AURORA, Colo. – A consent decree monitor has been selected to oversee and address the Aurora Police Department’s and the Aurora Fire Rescue’s policies, training, record keeping and hiring practices.
The City of Aurora and the Colorado Attorney General’s Office selected IntegrAssure, a Florida-based risk management consultancy, to provide independent oversight as Aurora “resolves issues identified in a ‘Patterns and Practices’ report on the city’s public safety agencies,” according to a news release from a city spokesman.
The decree gives the city up to two years to change its policies and training for both the police and fire departments, to address bias in policing, use of force and documentation of stops. It also aims to change the city’s hiring practices for the police and fire departments to make them more inclusive and reflective of the city’s diversity.
IntegrAssure will report on the city’s progress to the Arapahoe County District Court where the consent decree was filed.
“This independent consent decree monitor brings an experienced team to support the changes Aurora has committed to make to its police and fire departments,” said Colorado Attorney General Phil Weiser. “I appreciate this team’s commitment to community engagement, collaboration, and use of diverse subject matter experts. Our team looks forward to working with them.”
IntegrAssure was one of two finalists to participate in a virtual public forum hosted by the city on Jan. 5 to answer questions from the community before the city and AG’s Office jointly selected which firm would serve as Consent Decree Monitor, the city spokesperson said. Both firms had previously interviewed with the city’s executive management team, Aurora City Attorney’s Office, AG’s leadership team, and command staff from the Aurora Police Department and Aurora Fire Rescue.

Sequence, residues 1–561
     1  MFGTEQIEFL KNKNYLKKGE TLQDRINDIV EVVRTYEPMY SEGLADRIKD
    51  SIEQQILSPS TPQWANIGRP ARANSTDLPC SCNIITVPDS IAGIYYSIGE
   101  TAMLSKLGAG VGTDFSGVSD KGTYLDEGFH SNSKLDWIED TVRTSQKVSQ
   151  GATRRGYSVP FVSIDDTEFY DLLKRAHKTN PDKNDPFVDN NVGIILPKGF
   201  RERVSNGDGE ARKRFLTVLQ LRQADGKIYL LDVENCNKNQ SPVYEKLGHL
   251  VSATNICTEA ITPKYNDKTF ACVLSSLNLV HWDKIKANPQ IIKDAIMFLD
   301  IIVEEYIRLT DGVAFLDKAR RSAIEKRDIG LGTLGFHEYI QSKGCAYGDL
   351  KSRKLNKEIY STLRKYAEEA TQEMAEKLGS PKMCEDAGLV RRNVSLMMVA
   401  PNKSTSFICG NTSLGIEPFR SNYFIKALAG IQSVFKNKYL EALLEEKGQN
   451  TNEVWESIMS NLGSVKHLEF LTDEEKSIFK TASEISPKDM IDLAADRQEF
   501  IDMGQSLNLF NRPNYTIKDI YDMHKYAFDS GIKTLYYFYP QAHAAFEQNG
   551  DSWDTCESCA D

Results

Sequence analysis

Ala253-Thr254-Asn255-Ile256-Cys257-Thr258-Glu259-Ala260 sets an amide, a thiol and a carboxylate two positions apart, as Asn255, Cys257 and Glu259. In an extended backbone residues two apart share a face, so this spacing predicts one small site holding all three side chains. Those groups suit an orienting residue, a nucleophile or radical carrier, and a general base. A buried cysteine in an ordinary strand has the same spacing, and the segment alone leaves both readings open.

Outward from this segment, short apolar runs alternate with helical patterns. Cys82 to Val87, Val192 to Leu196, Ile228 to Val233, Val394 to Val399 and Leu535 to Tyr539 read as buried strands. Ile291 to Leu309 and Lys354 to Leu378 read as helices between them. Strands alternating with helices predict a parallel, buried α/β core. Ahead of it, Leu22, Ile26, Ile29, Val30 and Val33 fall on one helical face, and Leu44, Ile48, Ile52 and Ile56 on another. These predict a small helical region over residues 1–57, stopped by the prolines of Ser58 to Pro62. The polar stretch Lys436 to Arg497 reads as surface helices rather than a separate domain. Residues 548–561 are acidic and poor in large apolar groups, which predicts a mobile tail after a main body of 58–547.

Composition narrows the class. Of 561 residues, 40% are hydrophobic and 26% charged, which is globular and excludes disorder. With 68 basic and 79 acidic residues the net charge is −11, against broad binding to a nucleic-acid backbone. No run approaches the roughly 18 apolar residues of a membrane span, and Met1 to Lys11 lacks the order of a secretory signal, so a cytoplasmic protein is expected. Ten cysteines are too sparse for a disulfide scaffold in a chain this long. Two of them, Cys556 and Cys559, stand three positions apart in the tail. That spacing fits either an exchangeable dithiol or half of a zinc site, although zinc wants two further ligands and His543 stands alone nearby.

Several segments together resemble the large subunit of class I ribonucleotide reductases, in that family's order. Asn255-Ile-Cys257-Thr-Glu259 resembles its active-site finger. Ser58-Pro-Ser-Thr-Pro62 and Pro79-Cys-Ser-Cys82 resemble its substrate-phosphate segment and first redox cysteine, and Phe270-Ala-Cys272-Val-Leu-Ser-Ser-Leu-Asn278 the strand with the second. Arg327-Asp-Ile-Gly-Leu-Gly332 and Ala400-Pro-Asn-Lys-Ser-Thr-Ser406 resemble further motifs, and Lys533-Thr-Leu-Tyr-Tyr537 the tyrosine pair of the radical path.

“Experience has shown us that a consent decree can be an extremely effective mechanism to catalyze reform, which in turn fosters community trust, reduces crime, and enhances officer safety,” said Jeff Schlanger, the president of IntegrAssure and the lead monitor for the consent decree. “These are our goals for the city of Aurora, and we are honored to play a role in creating a fairer and safer Aurora for all. We look forward to working collaboratively with the community and other stakeholders to ensure that fairness, transparency, accountability, and a process of continuous improvement become embedded in the culture of Aurora public safety.”
The Aurora City Council is scheduled to vote on a contract to pay for IntegrAssure’s services and finalize the competitive bidding process during the regular city council meeting on Feb. 14.
The consent decree monitor position is separate and apart from the independent police monitor division the city will fill later this year to oversee discipline and accountability at the Aurora Police Department, the spokesperson said.